Earlier today, I saw these two posts on the front page of Digital Shift, Library Journal’s tech news site (highlighting mine.) It seemed to be the perfect ironic illustration of some of the competing forces on today’s libraries.
Public and school libraries are in trouble. They loan out lots of fiction and other text-heavy books. They want to loan out electronic versions of these books. Their patrons want to borrow these e-books. Yet there are increasingly fewer ways to enable these exchanges.
A lot of libraries do not buy e-books directly from the publishers. Instead they buy access to collections via a distributor. On February 10, 2012, Penguin ended its relationship with OverDrive, the biggest player in the library e-book marketplace. In response, the Librarian in Black has posted a call to action.
Publishers are wary. They worry that their content – their intellectual property – will be easily pirated and that sales of their books (and e-books) will go down. So, they restrict access to their e-books through Digital Rights Management (DRM) and licensing terms, such as allowing e-books to be borrowed by only one patron at a time. In fact, HarperCollins has decreed that its e-books may only be circulated 26 times for 2 weeks each, regardless of an individual library’s actual lending policies. (Psst – here are our circulation policies.)
Unshelved, February 13, 2012.
There are many other factors and considerations about the e-books market. I haven’t even mentioned authors’ rights or how difficult it can be to download an e-book from a library. New methods to distribute and acquire e-books are being discussed and tested. Print books are becoming fetish objects.
What About Otis?
The Otis Library has access to thousands of academic books via ebrary. Most of them even appear in the Library Catalog with direct links. We do not use OverDrive, so we are not facing some of the same issues as public and school libraries. These books may be viewed simultaneously by two or more patrons.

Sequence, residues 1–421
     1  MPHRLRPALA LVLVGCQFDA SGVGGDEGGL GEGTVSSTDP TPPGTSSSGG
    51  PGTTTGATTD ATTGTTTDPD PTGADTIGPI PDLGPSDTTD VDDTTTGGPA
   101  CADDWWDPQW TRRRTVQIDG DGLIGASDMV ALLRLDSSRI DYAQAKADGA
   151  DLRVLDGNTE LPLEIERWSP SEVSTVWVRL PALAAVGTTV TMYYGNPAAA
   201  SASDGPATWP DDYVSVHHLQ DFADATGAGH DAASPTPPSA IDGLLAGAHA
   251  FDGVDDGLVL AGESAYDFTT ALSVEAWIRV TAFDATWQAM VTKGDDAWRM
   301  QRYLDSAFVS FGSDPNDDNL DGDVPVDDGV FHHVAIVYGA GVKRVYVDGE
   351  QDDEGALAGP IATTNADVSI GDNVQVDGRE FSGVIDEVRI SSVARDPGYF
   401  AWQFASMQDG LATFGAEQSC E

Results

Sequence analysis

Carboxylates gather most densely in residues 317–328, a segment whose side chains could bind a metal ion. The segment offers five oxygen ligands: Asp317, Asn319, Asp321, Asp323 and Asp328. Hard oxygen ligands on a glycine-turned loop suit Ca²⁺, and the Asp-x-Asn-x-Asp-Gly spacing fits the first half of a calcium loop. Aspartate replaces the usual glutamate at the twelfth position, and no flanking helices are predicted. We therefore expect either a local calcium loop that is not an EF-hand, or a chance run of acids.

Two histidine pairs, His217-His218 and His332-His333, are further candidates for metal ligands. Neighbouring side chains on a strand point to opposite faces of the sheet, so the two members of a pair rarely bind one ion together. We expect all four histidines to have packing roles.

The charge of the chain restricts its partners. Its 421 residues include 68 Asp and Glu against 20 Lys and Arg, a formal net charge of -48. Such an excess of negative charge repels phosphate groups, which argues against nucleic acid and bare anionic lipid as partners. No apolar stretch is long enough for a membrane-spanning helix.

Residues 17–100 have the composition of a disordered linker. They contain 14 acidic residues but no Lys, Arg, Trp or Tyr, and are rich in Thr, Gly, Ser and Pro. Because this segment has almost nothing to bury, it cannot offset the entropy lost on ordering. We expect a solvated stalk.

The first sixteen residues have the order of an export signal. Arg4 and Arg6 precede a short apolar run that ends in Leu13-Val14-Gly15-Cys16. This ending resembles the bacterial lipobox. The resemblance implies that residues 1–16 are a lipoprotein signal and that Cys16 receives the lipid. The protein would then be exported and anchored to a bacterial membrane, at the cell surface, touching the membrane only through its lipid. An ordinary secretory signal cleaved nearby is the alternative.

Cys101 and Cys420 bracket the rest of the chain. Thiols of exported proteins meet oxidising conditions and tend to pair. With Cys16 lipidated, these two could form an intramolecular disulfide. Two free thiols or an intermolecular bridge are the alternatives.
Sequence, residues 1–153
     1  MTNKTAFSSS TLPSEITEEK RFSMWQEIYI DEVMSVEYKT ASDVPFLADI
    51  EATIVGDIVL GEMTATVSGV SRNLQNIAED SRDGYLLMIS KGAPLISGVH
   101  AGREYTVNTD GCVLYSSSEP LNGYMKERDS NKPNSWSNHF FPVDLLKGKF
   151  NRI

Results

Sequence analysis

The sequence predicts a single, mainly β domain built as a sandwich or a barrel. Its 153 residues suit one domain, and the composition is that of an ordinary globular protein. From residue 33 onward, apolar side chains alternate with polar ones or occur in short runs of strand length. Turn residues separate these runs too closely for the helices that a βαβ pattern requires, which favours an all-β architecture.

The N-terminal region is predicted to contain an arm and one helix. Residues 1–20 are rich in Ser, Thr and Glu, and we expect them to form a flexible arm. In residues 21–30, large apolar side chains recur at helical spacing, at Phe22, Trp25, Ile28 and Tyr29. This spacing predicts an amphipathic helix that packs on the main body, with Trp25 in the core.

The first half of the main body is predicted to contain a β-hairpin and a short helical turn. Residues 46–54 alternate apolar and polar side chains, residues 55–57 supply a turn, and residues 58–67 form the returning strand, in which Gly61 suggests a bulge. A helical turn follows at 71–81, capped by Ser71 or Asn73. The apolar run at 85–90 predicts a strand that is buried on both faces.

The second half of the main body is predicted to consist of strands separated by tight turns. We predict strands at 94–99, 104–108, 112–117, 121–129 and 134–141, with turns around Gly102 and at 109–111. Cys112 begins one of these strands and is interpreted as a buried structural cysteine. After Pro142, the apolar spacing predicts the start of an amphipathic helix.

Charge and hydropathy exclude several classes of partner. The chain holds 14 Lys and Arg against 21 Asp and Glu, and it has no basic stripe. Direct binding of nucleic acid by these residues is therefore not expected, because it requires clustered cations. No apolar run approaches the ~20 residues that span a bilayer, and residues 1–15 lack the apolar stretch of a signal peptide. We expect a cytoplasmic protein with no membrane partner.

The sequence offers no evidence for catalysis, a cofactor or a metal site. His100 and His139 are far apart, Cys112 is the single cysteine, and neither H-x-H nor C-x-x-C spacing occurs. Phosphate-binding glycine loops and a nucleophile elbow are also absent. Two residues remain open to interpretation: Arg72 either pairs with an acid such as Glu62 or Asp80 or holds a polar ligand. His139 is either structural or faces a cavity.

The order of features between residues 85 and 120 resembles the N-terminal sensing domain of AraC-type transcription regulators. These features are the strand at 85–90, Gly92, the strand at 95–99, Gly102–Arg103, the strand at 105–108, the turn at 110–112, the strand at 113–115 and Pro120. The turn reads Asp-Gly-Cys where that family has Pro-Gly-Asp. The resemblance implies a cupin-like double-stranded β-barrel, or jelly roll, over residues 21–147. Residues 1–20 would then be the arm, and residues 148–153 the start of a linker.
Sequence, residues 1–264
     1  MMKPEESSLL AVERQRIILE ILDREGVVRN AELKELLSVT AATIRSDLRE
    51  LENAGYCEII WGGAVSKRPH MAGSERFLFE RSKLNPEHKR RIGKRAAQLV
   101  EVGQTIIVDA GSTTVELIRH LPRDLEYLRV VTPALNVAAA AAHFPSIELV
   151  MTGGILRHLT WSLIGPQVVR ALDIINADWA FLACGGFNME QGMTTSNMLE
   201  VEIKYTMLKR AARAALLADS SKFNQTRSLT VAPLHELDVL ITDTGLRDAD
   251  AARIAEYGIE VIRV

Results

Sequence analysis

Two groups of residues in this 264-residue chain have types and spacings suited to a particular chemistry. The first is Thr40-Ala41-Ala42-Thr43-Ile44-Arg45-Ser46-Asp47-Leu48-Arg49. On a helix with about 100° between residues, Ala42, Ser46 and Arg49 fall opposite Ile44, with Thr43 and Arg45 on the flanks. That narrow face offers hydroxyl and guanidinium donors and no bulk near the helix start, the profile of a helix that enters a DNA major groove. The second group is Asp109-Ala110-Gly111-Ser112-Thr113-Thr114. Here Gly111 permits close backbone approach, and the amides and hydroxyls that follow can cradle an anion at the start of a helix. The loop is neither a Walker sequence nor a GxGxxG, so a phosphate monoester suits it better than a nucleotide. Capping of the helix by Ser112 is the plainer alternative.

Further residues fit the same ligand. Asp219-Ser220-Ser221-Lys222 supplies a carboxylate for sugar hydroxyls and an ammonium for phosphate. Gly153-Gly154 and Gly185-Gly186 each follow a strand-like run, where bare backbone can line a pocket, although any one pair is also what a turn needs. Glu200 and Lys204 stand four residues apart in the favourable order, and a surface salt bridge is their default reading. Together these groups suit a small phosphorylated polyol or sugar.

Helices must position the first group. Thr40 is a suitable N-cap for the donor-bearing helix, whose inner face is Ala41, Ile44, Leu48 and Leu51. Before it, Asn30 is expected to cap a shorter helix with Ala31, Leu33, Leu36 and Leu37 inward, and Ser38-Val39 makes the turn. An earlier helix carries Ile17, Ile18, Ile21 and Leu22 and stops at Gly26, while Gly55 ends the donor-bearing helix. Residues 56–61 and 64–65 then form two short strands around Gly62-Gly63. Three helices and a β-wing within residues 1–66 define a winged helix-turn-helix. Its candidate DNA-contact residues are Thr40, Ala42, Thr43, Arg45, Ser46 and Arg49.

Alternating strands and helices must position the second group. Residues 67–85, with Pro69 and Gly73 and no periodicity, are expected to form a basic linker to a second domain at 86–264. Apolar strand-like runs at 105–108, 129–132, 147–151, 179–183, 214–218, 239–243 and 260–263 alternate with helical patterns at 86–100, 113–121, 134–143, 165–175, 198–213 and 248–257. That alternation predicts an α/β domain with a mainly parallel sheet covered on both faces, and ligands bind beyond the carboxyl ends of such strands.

We have other considerations. Our physical book collection focuses on art, art history, and design. Most of these items are not available as e-books because they are typically produced by small publishers (and galleries) and are heavily illustrated. Even if electronic editions of these items did exist, the illustrations may not have been scanned or only be available in black-and-white.
The situation is changing; more people are reading books via mobile phones and smart tablets, such as the iPad. New e-book readers, such as the Kindle Fire and Nook Color, can display color images at medium-to-high quality. Regardless of the device, though, the illustrations may be completely unavailable in the e-books. Here is a typical disclaimer (via ebrary):
This figure has intentionally been removed for copyright reasons. To view this image, please refer to the printed version of this book.
Yes, e-books from ebrary (and Google Books and OverDrive etc.) may not contain the same content as the print version. Typography, pagination and layout can also vary.
What do you think? Should e-books in libraries be treated just like physical books? What do you like most and least about e-books? Let me know in the comments below.